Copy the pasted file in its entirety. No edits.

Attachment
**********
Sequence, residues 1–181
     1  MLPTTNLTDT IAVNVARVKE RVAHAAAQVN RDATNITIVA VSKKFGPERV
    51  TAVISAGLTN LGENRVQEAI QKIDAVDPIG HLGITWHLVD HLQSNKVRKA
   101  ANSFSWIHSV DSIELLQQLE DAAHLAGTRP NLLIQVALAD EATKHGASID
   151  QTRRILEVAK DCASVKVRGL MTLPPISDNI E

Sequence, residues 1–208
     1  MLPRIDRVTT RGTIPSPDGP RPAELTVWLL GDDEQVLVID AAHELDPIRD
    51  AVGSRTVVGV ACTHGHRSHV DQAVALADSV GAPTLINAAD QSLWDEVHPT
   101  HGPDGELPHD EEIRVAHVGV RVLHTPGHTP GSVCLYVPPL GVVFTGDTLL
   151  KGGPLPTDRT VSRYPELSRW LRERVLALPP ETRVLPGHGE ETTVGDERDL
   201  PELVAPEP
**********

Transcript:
Sequence, residues 1–181
     1  MLPTTNLTDT IAVNVARVKE RVAHAAAQVN RDATNITIVA VSKKFGPERV
    51  TAVISAGLTN LGENRVQEAI QKIDAVDPIG HLGITWHLVD HLQSNKVRKA
   101  ANSFSWIHSV DSIELLQQLE DAAHLAGTRP NLLIQVALAD EATKHGASID
   151  QTRRILEVAK DCASVKVRGL MTLPPISDNI E

Sequence, residues 1–208
     1  MLPRIDRVTT RGTIPSPDGP RPAELTVWLL GDDEQVLVID AAHELDPIRD
    51  AVGSRTVVGV ACTHGHRSHV DQAVALADSV GAPTLINAAD QSLWDEVHPT
   101  HGPDGELPHD EEIRVAHVGV RVLHTPGHTP GSVCLYVPPL GVVFTGDTLL
   151  KGGPLPTDRT VSRYPELSRW LRERVLALPP ETRVLPGHGE ETTVGDERDL
   201  PELVAPEP